Tuesday, October 25, 2011

BDO uses "Bit9 Parity Suite" to allow traveling associates to use corporate laptops for personal use when playing on the road

This morning, the Web Buyer’s Guide generated an email leading to a pdf download of a report by a company BDO USA, a professional services firm (link), on how it decided to allow its associates to use corporate laptops for personal and family purposes while on the road, since the associates have to travel so much.  It would be clumsy for employees to get two laptops (a personal and a corporate one) through TSA when flying (although this is usually permitted, at least domestically).

But when laptops were infected by malware or otherwise disabled, employees could be severely disrupted when traveling.   This risk increased with an “open” approach to personal use.  So BDO used a product called “Bit9 Parity Suite: Adaptive Application Whitelisting” to control the problem, link here. An application must be preapproved before it can be downloaded and installed on the travel all-purpose laptop.

As an HR matter, questions would still remain. Contact with family would be all right and ordinary social networking (Facebook and Twitter) might be OK, as would personal banking. But blogging to advance a personal political agenda might still be regarded as a “conflict of interest”.  Jobs requiring a lot of travel to visit clients do have their disadvantages. Sometimes you need "home field advantage" or that last at-bat. 

It’s hard to give a specific URL for the download, as Web Buyer’s takes you through a questionnaire (for sales and probably tracking) and generates a “personalized” URL.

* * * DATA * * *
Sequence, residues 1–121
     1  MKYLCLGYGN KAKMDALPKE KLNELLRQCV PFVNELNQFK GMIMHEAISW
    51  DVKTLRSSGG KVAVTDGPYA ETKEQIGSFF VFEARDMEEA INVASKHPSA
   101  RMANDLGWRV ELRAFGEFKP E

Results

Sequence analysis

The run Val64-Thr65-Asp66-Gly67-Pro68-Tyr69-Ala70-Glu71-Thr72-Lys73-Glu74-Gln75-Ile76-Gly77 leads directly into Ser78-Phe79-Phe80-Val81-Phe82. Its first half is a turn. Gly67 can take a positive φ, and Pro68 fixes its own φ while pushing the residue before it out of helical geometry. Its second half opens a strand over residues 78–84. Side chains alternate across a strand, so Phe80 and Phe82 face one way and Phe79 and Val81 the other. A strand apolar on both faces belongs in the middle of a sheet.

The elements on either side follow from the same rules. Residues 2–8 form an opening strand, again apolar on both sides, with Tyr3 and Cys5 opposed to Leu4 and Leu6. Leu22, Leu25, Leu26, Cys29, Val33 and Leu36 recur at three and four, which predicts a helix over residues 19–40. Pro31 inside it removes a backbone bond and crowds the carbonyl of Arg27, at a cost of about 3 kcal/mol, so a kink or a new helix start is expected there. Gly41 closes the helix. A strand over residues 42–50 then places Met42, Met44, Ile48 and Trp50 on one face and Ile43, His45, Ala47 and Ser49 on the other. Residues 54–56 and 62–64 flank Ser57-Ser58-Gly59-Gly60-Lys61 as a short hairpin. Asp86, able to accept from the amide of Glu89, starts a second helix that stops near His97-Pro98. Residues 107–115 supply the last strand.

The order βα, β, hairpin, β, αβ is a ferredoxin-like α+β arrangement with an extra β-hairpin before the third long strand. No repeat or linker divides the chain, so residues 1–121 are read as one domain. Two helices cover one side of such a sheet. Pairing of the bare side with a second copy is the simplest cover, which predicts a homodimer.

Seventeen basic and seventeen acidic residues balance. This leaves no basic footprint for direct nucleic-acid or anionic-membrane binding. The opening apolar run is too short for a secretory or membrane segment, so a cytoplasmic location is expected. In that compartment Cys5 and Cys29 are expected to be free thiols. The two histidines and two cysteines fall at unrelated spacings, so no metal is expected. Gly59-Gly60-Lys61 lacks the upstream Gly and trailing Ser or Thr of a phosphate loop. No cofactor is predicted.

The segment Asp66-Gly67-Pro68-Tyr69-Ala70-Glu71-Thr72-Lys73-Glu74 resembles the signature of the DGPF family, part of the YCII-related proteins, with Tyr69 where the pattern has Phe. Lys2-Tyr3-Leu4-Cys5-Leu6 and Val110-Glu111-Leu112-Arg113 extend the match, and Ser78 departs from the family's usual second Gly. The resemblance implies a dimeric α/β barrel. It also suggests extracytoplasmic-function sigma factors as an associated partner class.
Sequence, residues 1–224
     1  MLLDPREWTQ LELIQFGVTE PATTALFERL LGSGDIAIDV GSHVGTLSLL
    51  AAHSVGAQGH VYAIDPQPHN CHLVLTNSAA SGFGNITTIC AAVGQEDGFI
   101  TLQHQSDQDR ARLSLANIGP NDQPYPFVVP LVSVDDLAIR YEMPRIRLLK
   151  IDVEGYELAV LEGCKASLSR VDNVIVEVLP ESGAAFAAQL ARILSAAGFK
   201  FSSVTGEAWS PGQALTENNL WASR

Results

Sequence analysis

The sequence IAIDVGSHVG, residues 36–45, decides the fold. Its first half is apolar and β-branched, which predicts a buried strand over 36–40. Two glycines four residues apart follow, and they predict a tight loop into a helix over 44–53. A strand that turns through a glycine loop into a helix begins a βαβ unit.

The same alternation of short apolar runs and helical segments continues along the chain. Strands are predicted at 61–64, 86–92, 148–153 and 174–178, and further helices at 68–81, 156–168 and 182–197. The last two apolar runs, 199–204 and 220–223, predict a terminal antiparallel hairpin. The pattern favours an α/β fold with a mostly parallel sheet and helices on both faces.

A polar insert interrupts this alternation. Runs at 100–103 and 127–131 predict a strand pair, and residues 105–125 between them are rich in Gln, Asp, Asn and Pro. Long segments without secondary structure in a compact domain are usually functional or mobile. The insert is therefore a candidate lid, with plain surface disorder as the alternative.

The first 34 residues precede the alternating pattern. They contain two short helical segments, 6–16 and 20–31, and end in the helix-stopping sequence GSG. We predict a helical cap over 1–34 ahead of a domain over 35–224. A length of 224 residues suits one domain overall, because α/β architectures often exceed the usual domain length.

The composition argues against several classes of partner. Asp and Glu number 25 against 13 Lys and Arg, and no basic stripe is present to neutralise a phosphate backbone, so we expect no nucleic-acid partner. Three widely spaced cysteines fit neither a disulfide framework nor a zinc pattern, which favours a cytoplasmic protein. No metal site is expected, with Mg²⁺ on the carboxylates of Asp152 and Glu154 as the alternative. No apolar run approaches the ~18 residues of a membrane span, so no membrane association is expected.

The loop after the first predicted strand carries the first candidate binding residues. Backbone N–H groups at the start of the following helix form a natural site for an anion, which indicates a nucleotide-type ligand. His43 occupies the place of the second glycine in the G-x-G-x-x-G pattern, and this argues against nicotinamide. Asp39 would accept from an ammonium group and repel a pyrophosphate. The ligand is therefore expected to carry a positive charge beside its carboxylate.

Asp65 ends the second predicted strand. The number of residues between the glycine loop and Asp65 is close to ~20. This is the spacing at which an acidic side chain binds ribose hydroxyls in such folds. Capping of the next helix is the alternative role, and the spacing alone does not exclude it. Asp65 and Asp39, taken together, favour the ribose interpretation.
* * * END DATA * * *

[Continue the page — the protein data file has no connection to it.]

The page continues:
Monday, October 24, 2011

Misadventures with an ink jet cartridge refill (HP) -- not in a perambulator

For what it’s worth – don’t buy ink refill jars for inkjet printers.  That’s what I found on the web for the HP61 inkjet printer.  You get these three black squeeze bottles with squirt pipettes that look like they would go with ecstasy .  You peel off a tight label on top of the cartridge and squirt the thick ink (as if from a squid as escape camaflouge) into one of a number of holes, and it’s supposed to saturate the sponge.

Don’t believe it.  It didn’t work. The second time I tried to print a page with only black ink, HP finally, through Windows 7 and IE, linked to its correct site for replacing ink cartridges, only $14 for a replacement.  I don’t know why the link didn’t come up the first time – is it something that had worked in Vista only before?  Would it work OK on the Mac?  Why didn't the correct HP repurchase link come up on Google, Bing, or Amazon the first time? (as in the Sirius XM song!)

Monday, October 10, 2011

The real reason my "mainframe" IT career faltered

As I ponder my new directions at age 68, I still sometimes wonder, what brought my old “IT career” to cardiac arrest on Dec. 13, 2001?